Illustrator: brushes arrived.

This morning my new brushes arrived.

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These are some of the handmade brushes from Rosemary&Co
Some of the brushes have that magic Russian weasel fur, Kolinsky, and some have red sable. Three have synthetic variations of some kind. I bought two thicknesses. Thin (#2) and not-so-thin (#5).
They’re meant to give expressive, fluid lines. To make for interesting black drawings.

Rosemary&Co is a small family business in the UK. My order was processed in the evening and send in the morning. Next day they were here, quick, secure and well protected. It felt like sympa post!

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(Do you know “sympa”? It is a French expression meaning “sympathetic”. I picked it up in the ’80s. Not sure if they still use it. We were hip in the ’80s!)

INTERRUPTION OF A PRACTICAL NATURE
The post arrived just as I finished writing the blog post before this. That’s what I used my one hour uptime for today. Write that post. Then go lay down.
Dingeling! The post. Not only with these brushes but also with the High Frequency shielding fabric for my cage of Faraday.

I know I ought to go lay down. But I could not leave those parcels alone. Had to see the fabric. Had to see the brushes. Then I hád to test them. I was so curious and so full of anticipation.
My new, well meant daily routines are not implemented as easily as they are written down…

So I went upstairs to my lovely attic and tried the brushes, with the ink I bought the other day, in my green owl notebook. Just a few swirls with each brush, to get a feel for them.
I’ll describe the results in a minute. First I want to admit that the rest of today I paid dearly for that indulgence. When I finally laid down after playing with the brushes, and really, that only took about 20 minutes!, I fell down hard. I even fell asleep for two hours from which I have not awakened properly. Ever since I’ve woken from that sleep I’ve wanted to eat carbohydrates (and have done so). I forgot to drink water. I forgot to go to the toilet. I forgot to put the central heating on, I’ve been cold all day. Miserable even. Groggy too.
I have not been able to do anything that involves the brain or the heart. No thinking, no drawing, no knitting, no social interaction on the internet. Not even talk to my husband.
I did take a bath -which broke me even more, energy wise- but only because I had to. I am visiting my doctor tomorrow and … well… I wasn’t very presentable… olifactorial speaking…
Ah, the social pressure to smell flowery… As if my doctor cares. Or even notices, as he will be sitting across from me, behind a desk, not interested in my actual physique at all. Only in the functional representations of it on paper.
So my dear, listen to yourself, if you have concluded that one of the few things you MUST do on a day is laying down and rest after you’ve had your one hour activity in the morning, then DO SO. Stop messing about!

Here’s the brushplay that made me do it:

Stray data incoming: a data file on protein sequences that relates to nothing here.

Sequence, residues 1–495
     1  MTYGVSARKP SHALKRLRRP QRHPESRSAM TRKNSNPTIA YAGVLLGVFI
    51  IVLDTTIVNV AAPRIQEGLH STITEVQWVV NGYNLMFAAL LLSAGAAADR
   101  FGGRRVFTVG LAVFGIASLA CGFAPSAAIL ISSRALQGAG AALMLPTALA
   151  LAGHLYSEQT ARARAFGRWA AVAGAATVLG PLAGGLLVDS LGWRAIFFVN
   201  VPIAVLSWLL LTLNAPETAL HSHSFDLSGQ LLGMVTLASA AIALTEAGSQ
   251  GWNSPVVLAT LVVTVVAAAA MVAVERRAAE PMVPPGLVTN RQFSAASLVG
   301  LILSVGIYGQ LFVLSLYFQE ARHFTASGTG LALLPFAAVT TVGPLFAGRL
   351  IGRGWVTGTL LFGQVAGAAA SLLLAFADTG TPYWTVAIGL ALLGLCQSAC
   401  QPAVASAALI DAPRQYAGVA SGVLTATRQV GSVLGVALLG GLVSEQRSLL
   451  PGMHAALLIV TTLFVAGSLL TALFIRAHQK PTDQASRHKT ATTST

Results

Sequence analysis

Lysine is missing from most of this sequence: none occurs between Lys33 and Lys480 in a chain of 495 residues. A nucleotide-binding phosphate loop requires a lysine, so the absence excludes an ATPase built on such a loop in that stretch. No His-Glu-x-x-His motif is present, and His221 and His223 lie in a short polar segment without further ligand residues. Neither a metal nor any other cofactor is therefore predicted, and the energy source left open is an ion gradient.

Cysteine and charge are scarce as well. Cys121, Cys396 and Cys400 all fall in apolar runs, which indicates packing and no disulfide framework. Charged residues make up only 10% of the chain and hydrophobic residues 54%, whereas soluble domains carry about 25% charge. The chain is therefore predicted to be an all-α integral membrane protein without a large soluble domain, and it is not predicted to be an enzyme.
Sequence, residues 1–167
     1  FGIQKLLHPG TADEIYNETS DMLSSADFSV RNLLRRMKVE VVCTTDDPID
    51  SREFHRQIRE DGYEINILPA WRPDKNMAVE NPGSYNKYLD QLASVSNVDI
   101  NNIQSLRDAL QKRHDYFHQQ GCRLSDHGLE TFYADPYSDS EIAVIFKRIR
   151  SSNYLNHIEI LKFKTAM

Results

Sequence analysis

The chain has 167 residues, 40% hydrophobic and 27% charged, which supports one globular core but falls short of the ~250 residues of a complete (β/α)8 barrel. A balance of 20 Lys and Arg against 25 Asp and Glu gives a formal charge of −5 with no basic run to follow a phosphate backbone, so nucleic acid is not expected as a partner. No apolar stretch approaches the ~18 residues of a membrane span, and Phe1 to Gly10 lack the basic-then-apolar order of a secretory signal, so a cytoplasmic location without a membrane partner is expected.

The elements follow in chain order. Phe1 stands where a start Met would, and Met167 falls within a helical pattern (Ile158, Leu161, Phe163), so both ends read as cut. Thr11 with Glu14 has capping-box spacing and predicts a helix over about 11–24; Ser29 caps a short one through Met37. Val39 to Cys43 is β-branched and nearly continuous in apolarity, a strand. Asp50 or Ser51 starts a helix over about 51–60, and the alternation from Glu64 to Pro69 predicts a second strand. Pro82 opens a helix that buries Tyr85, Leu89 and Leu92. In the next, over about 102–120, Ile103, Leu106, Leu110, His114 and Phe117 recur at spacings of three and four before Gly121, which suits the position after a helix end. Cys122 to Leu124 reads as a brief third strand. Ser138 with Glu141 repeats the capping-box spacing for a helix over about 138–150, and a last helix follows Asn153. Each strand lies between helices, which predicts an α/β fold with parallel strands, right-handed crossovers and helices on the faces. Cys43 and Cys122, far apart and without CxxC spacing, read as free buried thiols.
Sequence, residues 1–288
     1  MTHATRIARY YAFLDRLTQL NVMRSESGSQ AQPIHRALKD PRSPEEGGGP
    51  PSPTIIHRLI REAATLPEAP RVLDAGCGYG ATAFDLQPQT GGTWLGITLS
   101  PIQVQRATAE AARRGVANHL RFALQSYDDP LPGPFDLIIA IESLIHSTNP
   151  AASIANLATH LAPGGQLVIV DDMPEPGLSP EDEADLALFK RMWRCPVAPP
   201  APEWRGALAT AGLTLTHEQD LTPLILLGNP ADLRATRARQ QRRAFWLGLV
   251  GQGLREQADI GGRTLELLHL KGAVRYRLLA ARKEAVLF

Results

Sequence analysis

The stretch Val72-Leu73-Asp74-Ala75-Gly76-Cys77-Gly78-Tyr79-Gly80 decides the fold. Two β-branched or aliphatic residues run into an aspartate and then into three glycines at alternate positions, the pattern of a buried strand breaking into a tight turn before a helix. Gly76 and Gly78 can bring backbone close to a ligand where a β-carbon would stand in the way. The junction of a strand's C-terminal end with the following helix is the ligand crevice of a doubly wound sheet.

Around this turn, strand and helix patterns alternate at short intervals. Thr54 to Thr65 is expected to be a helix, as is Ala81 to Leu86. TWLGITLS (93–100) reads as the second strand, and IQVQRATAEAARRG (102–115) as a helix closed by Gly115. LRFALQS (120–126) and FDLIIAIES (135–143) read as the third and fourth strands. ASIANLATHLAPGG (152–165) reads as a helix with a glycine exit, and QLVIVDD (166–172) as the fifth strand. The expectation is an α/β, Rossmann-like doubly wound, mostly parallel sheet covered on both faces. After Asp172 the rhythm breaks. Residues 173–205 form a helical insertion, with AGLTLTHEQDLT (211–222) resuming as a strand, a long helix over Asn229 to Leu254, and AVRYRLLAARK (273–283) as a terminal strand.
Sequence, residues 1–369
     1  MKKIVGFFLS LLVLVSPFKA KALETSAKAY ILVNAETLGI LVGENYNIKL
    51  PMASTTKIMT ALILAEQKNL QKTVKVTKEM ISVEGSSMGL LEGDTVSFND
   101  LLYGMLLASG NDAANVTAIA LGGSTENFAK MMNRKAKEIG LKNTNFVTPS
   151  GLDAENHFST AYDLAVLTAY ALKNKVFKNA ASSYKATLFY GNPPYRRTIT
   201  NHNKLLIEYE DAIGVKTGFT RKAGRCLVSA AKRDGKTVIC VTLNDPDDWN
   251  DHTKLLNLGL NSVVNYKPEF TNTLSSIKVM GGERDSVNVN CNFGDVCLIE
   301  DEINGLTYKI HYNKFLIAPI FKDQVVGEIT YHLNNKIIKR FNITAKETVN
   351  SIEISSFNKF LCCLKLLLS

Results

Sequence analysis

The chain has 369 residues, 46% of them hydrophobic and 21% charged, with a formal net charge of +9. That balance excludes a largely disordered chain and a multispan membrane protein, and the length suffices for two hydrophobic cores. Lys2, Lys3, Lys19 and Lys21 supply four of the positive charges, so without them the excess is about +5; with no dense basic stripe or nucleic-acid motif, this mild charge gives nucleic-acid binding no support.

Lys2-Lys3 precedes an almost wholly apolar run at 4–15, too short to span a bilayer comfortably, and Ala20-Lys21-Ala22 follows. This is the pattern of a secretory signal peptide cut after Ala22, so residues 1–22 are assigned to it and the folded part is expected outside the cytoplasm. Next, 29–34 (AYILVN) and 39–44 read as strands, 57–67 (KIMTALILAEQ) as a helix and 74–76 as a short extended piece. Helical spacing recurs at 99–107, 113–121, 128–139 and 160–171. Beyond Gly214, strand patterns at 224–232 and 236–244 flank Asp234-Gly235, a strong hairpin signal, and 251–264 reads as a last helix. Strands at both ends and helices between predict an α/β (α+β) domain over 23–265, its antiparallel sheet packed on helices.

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Such a joy!
The skills and techniques I’ve developed doing Japanese brushwork (sumi-é) are welcomed by these brushes. Even though they are different from Japanese brushes. My Japanese brushes I only use on rice paper, which is smooth.
These kolinsky and nylon brushes I’d use on paper. They do very well with the drawing ink. I recognize some of the loading characteristics I know from my Japanese brushes. It was a joy to do!

I look forward to playing some more. Even ink a drawing I made earlier in pencil. Just for the fun of it. Playing with the ink, with the thickness of the line, it is really fun.
I do need to get to know these brushes much better of course. They do not do what I expect or want them to. But most of them are excellent tools, behaving much better than any ordinary brush I’ve ever used.

Reading at the comic-tools blog I discovered that a lot of people are put of of brushes because of substandard commercial brushes. I sure can tell these brushes from Rosemary&co are in another league.

I also am reading 20-questions-to-cartoonists and I am delighted to learn that there are other people who have a rough time getting themselves to the drawing table. They invent all kinds of procrastinations. But when they dó finally sit down and bring a pencil of brush to the paper, they are deliriously happy.
I’ve never read about these experiences. They are exactly like mine. It’s a ridiculous thing, to postpone the thing you like to do most. I am glad to read I am not alone.
With me there’s a bit of an extra difficulty in that I only have that one hour in the morning. If I hide and procrastinate only for that little while, the opportunity for that day is gone.
Now, at evening, I am full of plans and good intentions. I will sit down tomorrow and draw!
But it’s such another story in the morning…

PLAN FOR TOMORROW
get up, visit doctor
drink tea
rest or DRAW
rest
get things and drive to the cabin
rest

PLAN FOR SATURDAY
get up
visit apple tree nursery
rest

SUNDAY
get up
DRAW
rest
vacuum or clean sheets on bed

shitshitshit, there needs to be new food cooked on Saturday! Chicken soup for the rest of the week probably.
shitshit, I’ll be too tired to do it on Saturday. Will postpone it till Sunday. But then one of the other things has to go: the drawing or the vacuuming (which is really necessary and also important to make me feel good in the cabin for the rest of the week)(or shall I just go back to the city for another week? That gives all other kinds of practical problems… which are solvable).
shit, this really isn’t easy.

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